By Majid Morceli
By Majid Morceli
San Francisco – While François Holland, in a super quick visit to Algerian President Abdelaziz Bouteflika, announced that French car-maker Peugeot was holding advanced negotiations with the Algerian authorities to establish a new manufacturing plant in the north African country, Peugeot executives meanwhile were putting the finishing touches on an agreement to build a factory in Kenitra, a deal with Morocco that was signed a few days later.
Obviously the Moroccan agreement has infuriated many ordinary Algerians, but not because Morocco is able to attract foreign investment or because Algerians wish ill on Moroccans, but mainly because Algerian leaders are not very concerned with what’s taking place in Algeria.
Oil and natural gas, which make up 98% of Algerian exports, plunged by 50% and all of the previously announced grandiose projects, which would have provided jobs to the unemployed, have been scrapped. Instead, Algeria’s leaders are doing their utmost to do one thing and one thing only: to procure the downfall of their archenemy Morocco — clearly, wishful thinking on the part of Morocco’s foes.
The Algerian people are not duped, they totally grasp that while their immediate neighbor to the west is trying hard to find ways and means to improve the lives of its citizens — even with lack of natural resources, the main focus of the Algerian authorities is to undermine their neighbor in their relentless and obsessive fight with Morocco.
A simple example is while Morocco’s Prime Minister Benkirane was recently in France signing business deals, Algeria’s Prime Minister Abdelmalek Sellal was in South Africa pathetically trying to gather support from African dictators headed by the 90 year old Robert Mugabe of Zimbabwe, during the African Union charade.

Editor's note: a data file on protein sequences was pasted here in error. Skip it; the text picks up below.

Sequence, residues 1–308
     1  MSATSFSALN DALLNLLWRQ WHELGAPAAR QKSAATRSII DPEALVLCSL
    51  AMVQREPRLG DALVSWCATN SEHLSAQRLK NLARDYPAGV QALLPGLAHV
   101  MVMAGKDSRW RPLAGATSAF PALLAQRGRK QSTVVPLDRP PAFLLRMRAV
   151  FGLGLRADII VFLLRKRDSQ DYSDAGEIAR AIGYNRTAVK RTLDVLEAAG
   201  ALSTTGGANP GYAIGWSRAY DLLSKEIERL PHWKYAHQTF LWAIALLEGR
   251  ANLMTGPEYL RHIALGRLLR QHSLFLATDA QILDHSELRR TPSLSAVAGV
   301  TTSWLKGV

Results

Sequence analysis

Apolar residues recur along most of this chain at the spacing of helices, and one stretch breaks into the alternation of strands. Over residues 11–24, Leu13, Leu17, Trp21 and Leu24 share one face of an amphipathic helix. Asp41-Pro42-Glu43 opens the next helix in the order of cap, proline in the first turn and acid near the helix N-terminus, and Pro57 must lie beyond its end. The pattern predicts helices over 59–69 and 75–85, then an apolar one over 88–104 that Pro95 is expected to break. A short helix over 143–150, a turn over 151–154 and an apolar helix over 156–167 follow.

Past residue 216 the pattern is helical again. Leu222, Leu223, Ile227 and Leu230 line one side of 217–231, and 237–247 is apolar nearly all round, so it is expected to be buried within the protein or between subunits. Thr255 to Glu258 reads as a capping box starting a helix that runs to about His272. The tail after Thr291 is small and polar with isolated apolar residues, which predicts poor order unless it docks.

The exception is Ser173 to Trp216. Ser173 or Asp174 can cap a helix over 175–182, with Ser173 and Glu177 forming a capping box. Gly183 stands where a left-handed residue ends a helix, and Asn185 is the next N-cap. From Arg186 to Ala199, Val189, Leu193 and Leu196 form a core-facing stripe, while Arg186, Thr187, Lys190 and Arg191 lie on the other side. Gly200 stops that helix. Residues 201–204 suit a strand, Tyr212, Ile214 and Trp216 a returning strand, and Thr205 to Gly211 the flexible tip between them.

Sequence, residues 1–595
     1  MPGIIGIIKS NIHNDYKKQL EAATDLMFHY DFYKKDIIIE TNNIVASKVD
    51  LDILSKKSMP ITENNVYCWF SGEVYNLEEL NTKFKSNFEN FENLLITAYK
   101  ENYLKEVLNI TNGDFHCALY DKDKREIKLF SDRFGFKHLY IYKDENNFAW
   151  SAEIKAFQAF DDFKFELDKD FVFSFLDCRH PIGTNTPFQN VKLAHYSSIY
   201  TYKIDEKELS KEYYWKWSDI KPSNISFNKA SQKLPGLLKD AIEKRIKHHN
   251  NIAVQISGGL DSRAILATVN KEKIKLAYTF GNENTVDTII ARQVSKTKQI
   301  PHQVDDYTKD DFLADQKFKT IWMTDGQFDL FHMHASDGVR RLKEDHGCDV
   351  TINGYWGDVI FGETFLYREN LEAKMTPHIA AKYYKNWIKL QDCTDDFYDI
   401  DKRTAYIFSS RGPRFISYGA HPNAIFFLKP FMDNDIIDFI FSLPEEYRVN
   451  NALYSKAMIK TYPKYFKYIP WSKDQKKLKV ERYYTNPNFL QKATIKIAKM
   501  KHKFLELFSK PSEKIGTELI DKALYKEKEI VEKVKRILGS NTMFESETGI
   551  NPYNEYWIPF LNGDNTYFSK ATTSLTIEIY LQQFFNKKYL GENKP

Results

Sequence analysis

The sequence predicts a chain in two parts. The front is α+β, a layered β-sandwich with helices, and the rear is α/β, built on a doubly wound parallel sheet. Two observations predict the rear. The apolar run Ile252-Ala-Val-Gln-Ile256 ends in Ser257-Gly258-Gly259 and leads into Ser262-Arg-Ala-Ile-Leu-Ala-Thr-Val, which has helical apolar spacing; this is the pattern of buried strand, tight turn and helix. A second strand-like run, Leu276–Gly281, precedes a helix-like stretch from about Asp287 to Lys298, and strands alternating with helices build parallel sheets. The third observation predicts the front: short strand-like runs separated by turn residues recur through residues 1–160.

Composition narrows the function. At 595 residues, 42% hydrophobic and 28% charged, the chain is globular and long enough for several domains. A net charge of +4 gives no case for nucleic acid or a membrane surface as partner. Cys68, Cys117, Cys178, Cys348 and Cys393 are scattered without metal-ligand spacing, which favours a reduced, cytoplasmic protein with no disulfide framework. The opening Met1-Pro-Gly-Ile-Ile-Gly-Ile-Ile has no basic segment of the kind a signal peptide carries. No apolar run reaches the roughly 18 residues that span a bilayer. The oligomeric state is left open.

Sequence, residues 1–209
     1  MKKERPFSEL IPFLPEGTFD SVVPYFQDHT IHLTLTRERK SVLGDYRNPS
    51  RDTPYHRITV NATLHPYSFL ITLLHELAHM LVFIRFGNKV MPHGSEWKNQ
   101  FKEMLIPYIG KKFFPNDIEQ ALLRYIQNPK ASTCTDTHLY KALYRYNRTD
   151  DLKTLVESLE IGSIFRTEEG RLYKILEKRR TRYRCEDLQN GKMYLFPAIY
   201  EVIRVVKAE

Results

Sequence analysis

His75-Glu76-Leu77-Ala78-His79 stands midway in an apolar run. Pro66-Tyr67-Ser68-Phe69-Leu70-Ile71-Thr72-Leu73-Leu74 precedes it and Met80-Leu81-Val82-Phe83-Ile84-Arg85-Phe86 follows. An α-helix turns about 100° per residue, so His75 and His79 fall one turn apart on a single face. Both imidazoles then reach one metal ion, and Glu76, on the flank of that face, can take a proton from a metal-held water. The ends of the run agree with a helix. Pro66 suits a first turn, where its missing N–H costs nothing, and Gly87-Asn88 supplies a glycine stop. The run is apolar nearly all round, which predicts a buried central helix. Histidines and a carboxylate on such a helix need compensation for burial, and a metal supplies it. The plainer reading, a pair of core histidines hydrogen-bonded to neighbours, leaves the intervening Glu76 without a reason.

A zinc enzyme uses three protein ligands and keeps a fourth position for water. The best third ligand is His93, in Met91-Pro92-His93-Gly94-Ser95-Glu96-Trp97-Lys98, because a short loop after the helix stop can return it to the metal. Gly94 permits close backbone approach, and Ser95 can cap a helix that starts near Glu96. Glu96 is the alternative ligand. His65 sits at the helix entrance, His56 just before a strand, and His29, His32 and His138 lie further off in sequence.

No one will invest in Algeria, and if the executives of Peugeot or any other major investor take the plunge and invest in Algeria, it will be a pure gamble. Without a long-term vision, with corrupt leadership, and a president who swore to die in his wheelchair while in office, Algeria is a time bomb waiting to explode.
Unlike, the Algerian regime, Moroccan authorities understand very well that Algeria’s downfall is not a good thing for Morocco. The first thing that comes to mind is tourism. No one will visit Morocco if its neighboring state fails. The same thing goes for foreign investment: no one will put his or her money near a risky environment.
The Algerian outdated regime, aided by its propagandist media has one primordial and perpetual goal: to defeat Morocco by any means necessary even it means its own downfall. This week, l’expression, a news media outlet close to the Algerian generals, accused Morocco of making a deal with ISIS. They speculate about the reason that terrorists are attacking Tunisia but not Morocco, oblivious to the fact that Morocco was attacked in Marrakesh long before Tunisia.
Just imagine if all this effort that Algeria puts in to undermine Morocco were directed at making peace with Morocco. North Africa would be the envy of the world.
François Holland, realizing that Algeria’s regime is not about to change any time soon, decided to jump on the bandwagon and give much needed support to a lethargic president “governing” from a wheel chair. His supporters in the military and in the corrupt parliament are telling everyday Algerians that Franklin D. Roosevelt, the 32nd President of the United States, not only served an unprecedented four terms in office, but also that he was the first president with a significant physical disability bound to a wheelchair.
Basically, they are saying that if an American president can do it and be good at it, an Algerian president can be just as good.
Algeria is not America. Algerians are still recovering from the “Black Decade” and they are waiting and hoping for miracles that will never come as long as they are governed by an incapacitated president. Morocco needs to continue to forge ahead and focus on its current positive course and never look back.
Edited by Elisabeth Myers
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